Written by Kai McClelland
Today (November 5th, 2023) is the end of daylight savings time for the year, which means that the United States is one step closer to winter. The shorter days and colder temperatures that are starting to ensue across the country impact many people’s mental health through a phenomenon known as seasonal affective disorder.
We sat down with our Clinical Director, Dr. T, to discuss how and why the winter impacts mental health, as well as what his tips are for people experiencing negative effects. Read below to see the insights from the conversation:
Kai: Why does the end of daylight savings impact people?
Dr. T: There's a couple of things. One is that, in general, transition times tend to be hard for people. When we're in times of transition, we tend to be more sensitive to mental health vulnerabilities.
Another one is that it gets colder during this time of year. Cold is something that can affect moods for a lot of people. And then probably the most common one is that there are shorter periods of light during the day. We know that there's a lot of benefits to daylight and sun exposure, and limiting the time window in which the sun is out can make things harder.
Kai: What are some of the symptoms that people might experience that might indicate that they’re experiencing seasonal depression?
Dr. T: Mood is something that can fluctuate for a lot of reasons, so a dip in mood probably won’t be the only indicator. But if you notice a negative change in mood that goes on for several weeks, that could be an indicator. The other thing is if you tend to notice a pattern every year around this time. That’s something to pay attention to.
You also want to pay attention to your motivation levels. If you notice you’re less motivated, more fatigued, less productive, or more critical of yourself and your environment, those are some indicators. The last thing would be withdrawing. If you’re less interested in being around people, or even when you are, you’re getting less excitement or enjoyment out of it, that could be a sign.
Kai: What are your top five tips for people experiencing seasonal depression?
Dr. T: Number one is to stay active. There are a lot of benefits to physical activity. Exercise gives you neurochemicals like dopamine and serotonin that help enhance mood. So if you continue to stay active throughout the winter, that could help you continue to boost your mood and stay motivated.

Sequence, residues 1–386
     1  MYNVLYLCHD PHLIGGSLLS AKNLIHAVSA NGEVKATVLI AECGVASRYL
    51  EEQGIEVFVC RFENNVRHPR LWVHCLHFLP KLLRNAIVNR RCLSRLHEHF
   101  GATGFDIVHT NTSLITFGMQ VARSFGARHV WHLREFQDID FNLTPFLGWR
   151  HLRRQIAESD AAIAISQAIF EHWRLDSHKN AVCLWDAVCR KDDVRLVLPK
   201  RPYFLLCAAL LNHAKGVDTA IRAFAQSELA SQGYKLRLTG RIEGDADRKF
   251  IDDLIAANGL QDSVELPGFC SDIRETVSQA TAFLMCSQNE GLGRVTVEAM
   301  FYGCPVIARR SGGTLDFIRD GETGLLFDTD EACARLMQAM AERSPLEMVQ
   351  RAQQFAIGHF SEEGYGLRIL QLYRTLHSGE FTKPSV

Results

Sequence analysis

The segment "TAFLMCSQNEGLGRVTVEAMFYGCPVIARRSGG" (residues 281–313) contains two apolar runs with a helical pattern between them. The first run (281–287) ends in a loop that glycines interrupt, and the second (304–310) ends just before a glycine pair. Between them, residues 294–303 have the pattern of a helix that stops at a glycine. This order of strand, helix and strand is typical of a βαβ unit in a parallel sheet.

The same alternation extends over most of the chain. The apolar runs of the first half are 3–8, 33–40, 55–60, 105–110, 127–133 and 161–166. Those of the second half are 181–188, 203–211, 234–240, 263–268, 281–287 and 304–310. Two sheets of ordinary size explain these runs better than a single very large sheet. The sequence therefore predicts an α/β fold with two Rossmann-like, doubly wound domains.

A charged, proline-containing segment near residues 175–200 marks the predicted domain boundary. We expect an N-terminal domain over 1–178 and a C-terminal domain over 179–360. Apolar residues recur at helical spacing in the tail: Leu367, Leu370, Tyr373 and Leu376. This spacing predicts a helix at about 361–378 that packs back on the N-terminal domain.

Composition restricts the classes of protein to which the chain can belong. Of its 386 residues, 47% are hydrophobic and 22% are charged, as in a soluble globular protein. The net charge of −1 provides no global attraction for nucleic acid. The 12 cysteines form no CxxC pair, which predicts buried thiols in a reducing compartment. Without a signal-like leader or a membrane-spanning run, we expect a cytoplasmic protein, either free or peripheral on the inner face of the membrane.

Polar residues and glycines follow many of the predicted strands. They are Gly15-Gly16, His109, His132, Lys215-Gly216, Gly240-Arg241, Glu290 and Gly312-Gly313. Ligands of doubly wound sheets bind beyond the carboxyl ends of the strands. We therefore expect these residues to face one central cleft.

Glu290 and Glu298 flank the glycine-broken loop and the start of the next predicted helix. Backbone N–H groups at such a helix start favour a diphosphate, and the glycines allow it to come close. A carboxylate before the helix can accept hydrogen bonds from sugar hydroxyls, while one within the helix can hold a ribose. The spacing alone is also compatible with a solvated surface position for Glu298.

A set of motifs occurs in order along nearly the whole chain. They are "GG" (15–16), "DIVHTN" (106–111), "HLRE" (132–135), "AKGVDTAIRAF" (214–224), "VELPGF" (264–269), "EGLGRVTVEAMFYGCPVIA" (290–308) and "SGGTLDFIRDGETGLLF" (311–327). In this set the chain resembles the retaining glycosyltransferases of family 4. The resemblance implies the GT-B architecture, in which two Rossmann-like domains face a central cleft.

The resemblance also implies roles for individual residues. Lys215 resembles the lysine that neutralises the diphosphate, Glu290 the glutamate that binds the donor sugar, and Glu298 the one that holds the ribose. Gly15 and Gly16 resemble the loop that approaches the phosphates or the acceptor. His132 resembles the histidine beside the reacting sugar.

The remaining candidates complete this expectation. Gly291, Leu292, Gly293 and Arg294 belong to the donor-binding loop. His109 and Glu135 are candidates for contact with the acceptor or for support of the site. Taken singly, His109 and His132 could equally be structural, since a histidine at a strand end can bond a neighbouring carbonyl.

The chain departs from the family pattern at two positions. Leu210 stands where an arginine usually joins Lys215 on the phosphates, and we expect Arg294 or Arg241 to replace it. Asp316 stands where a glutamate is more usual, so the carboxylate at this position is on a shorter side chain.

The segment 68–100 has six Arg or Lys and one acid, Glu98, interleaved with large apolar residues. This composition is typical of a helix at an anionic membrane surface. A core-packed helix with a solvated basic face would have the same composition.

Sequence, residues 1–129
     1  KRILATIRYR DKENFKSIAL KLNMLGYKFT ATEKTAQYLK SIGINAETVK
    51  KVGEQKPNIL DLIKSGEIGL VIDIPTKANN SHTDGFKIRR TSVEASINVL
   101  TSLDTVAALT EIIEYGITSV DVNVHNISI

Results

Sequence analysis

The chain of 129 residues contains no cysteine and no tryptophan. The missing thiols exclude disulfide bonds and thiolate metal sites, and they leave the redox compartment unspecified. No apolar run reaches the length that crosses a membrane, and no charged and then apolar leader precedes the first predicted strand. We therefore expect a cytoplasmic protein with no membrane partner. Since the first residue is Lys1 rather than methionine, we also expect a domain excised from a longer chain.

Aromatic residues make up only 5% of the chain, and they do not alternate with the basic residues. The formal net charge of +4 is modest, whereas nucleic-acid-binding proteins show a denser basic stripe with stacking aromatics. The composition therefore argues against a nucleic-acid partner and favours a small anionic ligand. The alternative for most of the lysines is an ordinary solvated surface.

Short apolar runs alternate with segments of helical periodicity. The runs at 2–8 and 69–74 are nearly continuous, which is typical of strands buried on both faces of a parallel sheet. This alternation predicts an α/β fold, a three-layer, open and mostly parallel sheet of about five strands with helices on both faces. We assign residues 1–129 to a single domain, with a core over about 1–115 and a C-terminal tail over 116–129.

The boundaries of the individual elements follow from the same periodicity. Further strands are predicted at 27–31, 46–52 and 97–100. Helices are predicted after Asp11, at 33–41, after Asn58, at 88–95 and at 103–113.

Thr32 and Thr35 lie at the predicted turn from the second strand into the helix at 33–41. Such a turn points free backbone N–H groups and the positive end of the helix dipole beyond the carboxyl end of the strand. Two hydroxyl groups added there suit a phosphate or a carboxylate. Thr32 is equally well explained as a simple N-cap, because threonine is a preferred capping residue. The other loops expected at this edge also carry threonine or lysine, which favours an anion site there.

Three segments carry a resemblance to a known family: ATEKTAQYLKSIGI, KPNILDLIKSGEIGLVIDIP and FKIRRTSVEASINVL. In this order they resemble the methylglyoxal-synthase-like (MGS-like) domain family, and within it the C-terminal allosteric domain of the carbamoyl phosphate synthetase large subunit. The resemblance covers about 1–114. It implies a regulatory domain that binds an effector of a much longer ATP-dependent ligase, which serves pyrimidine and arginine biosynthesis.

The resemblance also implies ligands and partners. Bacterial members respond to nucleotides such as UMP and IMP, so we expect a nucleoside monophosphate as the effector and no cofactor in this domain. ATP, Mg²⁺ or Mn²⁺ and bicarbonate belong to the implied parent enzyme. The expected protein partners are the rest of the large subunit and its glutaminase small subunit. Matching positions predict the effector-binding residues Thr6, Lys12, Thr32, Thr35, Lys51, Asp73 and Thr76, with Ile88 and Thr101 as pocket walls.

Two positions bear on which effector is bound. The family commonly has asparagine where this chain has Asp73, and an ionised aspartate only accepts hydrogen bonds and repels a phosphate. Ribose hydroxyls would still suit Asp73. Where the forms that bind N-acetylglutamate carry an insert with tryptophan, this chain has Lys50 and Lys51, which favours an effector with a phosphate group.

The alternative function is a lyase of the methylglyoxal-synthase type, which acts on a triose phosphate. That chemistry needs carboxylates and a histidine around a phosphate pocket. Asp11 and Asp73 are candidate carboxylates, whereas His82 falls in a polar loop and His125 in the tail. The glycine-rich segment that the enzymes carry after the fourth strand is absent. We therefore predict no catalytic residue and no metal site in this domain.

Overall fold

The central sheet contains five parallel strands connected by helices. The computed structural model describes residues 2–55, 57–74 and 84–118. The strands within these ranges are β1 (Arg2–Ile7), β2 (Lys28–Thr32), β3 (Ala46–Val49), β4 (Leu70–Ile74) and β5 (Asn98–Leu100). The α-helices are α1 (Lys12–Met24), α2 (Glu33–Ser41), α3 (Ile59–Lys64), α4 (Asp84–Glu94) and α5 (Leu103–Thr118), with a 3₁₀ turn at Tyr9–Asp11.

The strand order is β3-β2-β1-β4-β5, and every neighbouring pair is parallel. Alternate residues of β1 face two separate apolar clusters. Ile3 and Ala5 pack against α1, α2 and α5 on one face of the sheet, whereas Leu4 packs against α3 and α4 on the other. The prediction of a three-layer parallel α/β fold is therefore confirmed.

Number two is to get outside. We naturally go outside more often when it’s warmer because there’s more light available and the days are longer. In the winter, it’s something to be intentional about. [I’d recommend] finding ways to get outside, even if it’s going for a walk before lunch or walking home from one instead of taking a car. Just create opportunities for yourself to get outside.
Number three is to stay warm. Most people prefer warm over cold. So find ways to stay warm, whether it’s what you're wearing, the temperature of your shower, etc. Another good option is a lightbox. There are lots of different kinds of light boxes, but I’d recommend one that has 10,000 LUX or more. Lightboxes are proven to be able to release certain chemicals that help stimulate mood.
Number four is to stay socially active. In the winter, when it’s colder, we tend to isolate ourselves more. So I’d recommend continuing to be social and active.
Number five is to use the winter as an opportunity to work on things that you normally wouldn’t have time to do. If there are particular hobbies that you want to pursue, books you’ve wanted to read, or projects that you want to start, you can use the wintertime to cultivate those interests and hobbies to make your time inside a productive experience. That means that by the time the weather gets warmer and the sun comes back out, you’ll come away from the winter with a product.
*The above transcript has been edited for clarity and conciseness.
Athletes with further questions can check out @dr.t_sportspsych to get in touch with Dr. T.
Arman Taghizadeh, M.D. also known as “Dr. T”, is a Johns Hopkins trained Board Certified Adult, Child and Adolescent Psychiatrist also specializing in Sports Psychiatry. He is the founder of Mindset Training Institute® (MTI) and host of our official podcast, “The Mindset Experience.” A former NCAA Division I wrestler, he received his M.D. from the University of Maryland School of Medicine in 2004. He completed both his Adult Residency and Child and Adolescent Fellowship at Johns Hopkins Hospital where he served as Chief Resident from 2008-2009. Dr. T owns and maintains an independent practice in Baltimore and is a faculty instructor at Johns Hopkins Hospital in the Division of Child and Adolescent Psychiatry. He has earned multiple awards for his work.